Graham Martin, Director Child and Adolescent Psychiatry (Correspondence); Helen A. Bergen, Senior Research Assistant; Angela S. Richardson, Research Assistant
Correlates of firesetting in a community sample of young adolescents
Article first published online: 12 FEB 2004
Australian and New Zealand Journal of Psychiatry
Volume 38, Issue 3, pages 148–154, March 2004
How to Cite
Martin, G., Bergen, H. A., Richardson, A. S., Roeger, L. and Allison, S. (2004), Correlates of firesetting in a community sample of young adolescents. Australian and New Zealand Journal of Psychiatry, 38: 148–154. doi: 10.1111/j.1440-1614.2004.01318.x
The University of Queensland, Mental Health Centre, K floor, Royal Brisbane Hospital, Herston, Queensland 4029, Australia. Email: firstname.lastname@example.org
Leigh Roeger, Research Manager
Southern Child and Adolescent Mental Health Service, Flinders Medical Centre, Adelaide, South Australia
Stephen Allison, Lecturer
Flinders University of South Australia, Adelaide, South Australia
- Issue published online: 12 FEB 2004
- Article first published online: 12 FEB 2004
- Received 11 April 2003; revised 1 August 2003; accepted 3 August 2003.
- antisocial behaviour;
Objective: To investigate relationships between firesetting, antisocial behaviour, individual, family and parenting factors in a large community sample of adolescents.
Method: A cross-sectional study of students (n = 2596) aged 13 years on average, from 27 schools in South Australia with a questionnaire on firesetting, antisocial behaviour (adapted 21-item Self Report Delinquency Scale), risk-taking, drug use, suicidality, physical and sexual abuse, depressive symptomatology, hopelessness, anxiety, locus of control, self-esteem, family functioning (McMaster Family Assessment Device) and parenting style (Influential Relationships Questionnaire). Data analysis included χ2, anova and logistic regression.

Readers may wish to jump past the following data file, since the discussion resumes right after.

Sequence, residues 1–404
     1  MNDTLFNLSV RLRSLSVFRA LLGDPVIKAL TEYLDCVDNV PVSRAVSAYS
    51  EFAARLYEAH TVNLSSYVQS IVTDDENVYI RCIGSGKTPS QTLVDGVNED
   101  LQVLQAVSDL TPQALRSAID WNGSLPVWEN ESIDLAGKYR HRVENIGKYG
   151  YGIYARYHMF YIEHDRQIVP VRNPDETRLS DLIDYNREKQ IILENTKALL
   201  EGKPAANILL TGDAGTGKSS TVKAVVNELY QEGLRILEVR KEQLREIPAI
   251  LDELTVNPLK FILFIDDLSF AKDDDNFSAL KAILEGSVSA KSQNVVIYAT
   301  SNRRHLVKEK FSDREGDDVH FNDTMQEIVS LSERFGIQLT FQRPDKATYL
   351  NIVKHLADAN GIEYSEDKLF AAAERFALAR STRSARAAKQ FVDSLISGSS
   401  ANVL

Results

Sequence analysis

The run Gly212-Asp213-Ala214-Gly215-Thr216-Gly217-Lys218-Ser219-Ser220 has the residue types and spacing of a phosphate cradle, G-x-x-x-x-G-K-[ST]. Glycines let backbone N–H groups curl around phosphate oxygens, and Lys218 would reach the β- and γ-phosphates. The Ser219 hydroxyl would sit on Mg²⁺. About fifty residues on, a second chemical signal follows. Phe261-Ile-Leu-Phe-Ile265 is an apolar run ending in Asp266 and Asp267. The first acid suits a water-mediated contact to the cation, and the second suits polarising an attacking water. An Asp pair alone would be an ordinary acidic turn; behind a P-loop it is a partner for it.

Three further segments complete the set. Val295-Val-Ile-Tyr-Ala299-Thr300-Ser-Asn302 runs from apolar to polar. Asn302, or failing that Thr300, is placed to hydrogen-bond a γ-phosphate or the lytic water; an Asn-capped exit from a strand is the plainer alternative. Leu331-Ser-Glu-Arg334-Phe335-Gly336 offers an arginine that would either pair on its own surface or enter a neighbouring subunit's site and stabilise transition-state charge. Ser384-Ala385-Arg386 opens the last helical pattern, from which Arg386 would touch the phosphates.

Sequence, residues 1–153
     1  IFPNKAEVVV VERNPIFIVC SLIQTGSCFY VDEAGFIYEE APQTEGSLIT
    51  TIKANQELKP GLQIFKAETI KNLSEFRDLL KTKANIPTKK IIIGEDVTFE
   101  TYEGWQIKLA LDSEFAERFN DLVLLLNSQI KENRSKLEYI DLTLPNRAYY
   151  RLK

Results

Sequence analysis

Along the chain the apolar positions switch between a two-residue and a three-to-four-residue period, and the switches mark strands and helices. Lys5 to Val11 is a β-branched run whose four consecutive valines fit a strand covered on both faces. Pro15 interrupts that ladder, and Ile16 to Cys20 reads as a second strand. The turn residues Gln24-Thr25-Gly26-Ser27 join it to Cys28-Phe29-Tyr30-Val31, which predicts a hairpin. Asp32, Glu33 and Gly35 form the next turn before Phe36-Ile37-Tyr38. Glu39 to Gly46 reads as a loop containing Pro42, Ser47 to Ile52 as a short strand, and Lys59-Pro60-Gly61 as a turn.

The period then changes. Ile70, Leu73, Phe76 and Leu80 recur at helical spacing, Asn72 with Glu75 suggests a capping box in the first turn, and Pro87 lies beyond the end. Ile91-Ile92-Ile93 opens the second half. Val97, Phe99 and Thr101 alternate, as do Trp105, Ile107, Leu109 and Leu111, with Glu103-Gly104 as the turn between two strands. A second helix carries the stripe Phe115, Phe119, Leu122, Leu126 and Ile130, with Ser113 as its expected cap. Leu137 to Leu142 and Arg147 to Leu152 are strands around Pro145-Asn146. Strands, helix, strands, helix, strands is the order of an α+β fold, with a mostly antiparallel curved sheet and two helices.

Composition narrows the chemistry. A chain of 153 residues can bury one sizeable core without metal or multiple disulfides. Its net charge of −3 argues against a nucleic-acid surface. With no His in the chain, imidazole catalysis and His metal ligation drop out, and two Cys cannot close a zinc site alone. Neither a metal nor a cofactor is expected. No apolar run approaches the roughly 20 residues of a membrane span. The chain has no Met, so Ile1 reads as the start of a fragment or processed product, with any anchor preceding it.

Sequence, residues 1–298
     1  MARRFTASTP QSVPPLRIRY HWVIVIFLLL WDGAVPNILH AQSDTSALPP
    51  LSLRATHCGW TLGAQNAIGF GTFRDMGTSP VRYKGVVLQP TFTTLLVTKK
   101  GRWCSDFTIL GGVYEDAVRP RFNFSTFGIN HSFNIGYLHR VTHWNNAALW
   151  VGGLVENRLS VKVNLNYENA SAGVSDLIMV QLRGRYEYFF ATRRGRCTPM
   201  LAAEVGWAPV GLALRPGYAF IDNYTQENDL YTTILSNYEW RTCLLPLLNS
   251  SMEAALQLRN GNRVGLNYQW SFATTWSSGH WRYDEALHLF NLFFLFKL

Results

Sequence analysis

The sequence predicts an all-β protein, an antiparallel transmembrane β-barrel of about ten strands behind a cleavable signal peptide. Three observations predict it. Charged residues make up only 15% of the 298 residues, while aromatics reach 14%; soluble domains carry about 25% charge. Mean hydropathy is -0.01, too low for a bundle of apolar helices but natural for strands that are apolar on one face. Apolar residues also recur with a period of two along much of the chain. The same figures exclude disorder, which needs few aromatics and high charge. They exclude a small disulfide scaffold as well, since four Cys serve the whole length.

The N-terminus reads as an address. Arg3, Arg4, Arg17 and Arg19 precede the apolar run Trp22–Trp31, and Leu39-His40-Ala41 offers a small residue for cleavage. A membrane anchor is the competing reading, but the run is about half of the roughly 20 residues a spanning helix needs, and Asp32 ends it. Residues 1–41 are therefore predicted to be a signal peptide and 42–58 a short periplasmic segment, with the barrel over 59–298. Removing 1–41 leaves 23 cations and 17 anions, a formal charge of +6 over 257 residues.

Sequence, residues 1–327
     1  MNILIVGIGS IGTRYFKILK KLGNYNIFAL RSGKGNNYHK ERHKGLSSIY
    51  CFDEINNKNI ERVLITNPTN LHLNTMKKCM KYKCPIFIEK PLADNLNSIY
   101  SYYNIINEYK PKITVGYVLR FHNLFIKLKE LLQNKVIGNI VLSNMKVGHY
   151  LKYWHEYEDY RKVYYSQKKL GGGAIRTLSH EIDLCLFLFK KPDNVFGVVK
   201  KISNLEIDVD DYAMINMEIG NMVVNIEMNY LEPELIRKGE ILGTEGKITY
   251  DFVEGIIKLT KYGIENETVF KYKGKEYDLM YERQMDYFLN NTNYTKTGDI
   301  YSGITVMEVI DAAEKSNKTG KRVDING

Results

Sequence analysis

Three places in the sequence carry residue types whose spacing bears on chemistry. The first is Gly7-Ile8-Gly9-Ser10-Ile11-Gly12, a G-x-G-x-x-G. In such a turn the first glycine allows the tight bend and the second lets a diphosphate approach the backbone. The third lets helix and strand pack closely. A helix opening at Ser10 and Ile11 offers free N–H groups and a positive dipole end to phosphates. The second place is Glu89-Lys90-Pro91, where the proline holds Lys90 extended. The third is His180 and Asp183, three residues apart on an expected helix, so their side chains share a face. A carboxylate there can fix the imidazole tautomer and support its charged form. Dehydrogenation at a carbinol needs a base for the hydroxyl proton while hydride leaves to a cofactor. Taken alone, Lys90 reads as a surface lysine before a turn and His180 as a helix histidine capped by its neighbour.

Results: Large significant differences are found between firesetters and non-firesetters on all measures. Among adolescents with serious levels of antisocial behaviour (7+ acts included in diagnostic guidelines for DSM-IV conduct disorder), firesetters differ from non-firesetters in reporting more extreme antisocial behaviour (10+ acts), extreme drug use, suicidal behaviour, and perceived failure at school. Gender differences are apparent. A study limitation is the single item assessment of firesetting.
Conclusions: Self-report firesetting is strongly associated with extreme antisocial behaviour in young community adolescents, in support of existing evidence from incarcerated delinquent and psychiatric populations. Early detection of community firesetters demands further assessment and intervention. Clinicians should consider its coexistence with serious drug use and high risk-taking (especially in girls), and suicidality, sexual and physical abuse (in boys).